Last month, the FCC voted 3-2 in favor of repealing 2015 rules that prevented internet service providers from charging extra for, or slowing access to particular content. It’s a big win for companies like AT&T, Verizon and Comcast that control much of the residential internet landscape.
FCC Chairman Ajit Pai led the commission’s initiative to end the regulations, saying that they stifled innovation and competition.
California Senate President Pro Tem Kevin de León has introduced SB 460, the Consumer Protection and Net Neutrality Act of 2018, aimed at prohibiting internet service providers from blocking, limiting or interfering with customers’ access to services, and giving the California Attorney General the power to enforce the rules.
“Without strong net neutrality rules, there’s nothing to stop the companies that already monopolize the internet from blocking websites or information altogether,” de León said during a press conference on Tuesday. “We cannot allow the profits and political interests of internet service providers to outweigh the public good.”
The Writers Guild of America West issued a statement regarding the California Senate’s hearing and vote to advance SB 460 on Thursday.
“State action is needed because an open internet is vital to the entertainment and tech industries that fuel our economy,” it said. “Net neutrality rules are necessary to protect Californians’ access to the online content and services of their choice, especially when almost 70 percent of the population has only one option for high-speed wired broadband. If Washington continues to turn its back on consumers and content creators, it’s up to California to take the lead.”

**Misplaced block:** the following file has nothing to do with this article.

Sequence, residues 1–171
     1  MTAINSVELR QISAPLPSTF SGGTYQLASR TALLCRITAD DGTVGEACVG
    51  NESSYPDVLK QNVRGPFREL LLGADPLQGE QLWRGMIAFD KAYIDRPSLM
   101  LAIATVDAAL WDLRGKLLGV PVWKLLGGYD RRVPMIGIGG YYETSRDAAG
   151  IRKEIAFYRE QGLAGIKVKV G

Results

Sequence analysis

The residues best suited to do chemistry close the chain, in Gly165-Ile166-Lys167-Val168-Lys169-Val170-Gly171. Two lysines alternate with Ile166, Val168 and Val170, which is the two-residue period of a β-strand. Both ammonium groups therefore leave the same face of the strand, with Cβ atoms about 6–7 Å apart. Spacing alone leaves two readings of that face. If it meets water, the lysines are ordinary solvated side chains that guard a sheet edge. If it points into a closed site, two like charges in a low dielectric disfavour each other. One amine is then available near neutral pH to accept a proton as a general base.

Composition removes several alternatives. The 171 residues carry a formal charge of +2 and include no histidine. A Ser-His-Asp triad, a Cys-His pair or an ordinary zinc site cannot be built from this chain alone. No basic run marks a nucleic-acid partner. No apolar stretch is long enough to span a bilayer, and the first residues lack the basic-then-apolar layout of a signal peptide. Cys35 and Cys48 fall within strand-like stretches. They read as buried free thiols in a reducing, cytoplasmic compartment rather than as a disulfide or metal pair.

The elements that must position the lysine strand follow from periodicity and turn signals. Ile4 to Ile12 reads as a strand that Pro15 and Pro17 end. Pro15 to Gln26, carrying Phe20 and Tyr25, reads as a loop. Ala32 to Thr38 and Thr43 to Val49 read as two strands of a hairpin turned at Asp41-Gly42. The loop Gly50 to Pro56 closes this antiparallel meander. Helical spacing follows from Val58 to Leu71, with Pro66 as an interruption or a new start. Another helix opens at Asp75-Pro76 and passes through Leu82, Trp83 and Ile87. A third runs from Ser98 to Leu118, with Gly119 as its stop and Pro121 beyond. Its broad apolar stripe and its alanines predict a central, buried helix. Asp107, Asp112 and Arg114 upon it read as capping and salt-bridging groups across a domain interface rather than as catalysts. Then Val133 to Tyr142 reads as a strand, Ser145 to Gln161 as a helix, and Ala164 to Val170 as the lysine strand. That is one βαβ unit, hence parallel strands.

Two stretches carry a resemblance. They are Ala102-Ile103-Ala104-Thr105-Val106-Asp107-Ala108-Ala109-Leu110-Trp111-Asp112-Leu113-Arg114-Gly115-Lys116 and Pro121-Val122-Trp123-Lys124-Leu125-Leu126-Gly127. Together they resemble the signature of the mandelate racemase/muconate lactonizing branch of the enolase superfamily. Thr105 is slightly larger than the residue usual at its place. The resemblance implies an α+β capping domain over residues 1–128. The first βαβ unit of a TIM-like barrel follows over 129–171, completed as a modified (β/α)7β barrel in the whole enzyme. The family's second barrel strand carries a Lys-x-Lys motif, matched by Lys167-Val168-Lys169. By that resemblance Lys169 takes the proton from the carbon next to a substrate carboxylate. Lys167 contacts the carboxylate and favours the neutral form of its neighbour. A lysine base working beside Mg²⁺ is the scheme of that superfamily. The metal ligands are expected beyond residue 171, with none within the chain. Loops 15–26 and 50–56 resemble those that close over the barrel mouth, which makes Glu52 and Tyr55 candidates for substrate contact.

In New York, State Assemblymember Patricia Fahy has introduced a bill that would authorize the state’s Public Service Commission to monitor internet service providers and certify their compliance with “net neutrality principals.”
In a Twitter post, Fahy said a “free and open internet is critical for entrepreneurs, schools, nonprofits and consumers, and I’m proud to lead the charge in NYS!”
According to a New York Times report, bills aimed at preserving net neutrality have been introduced in Massachusetts, Nebraska, Rhode Island and Washington.
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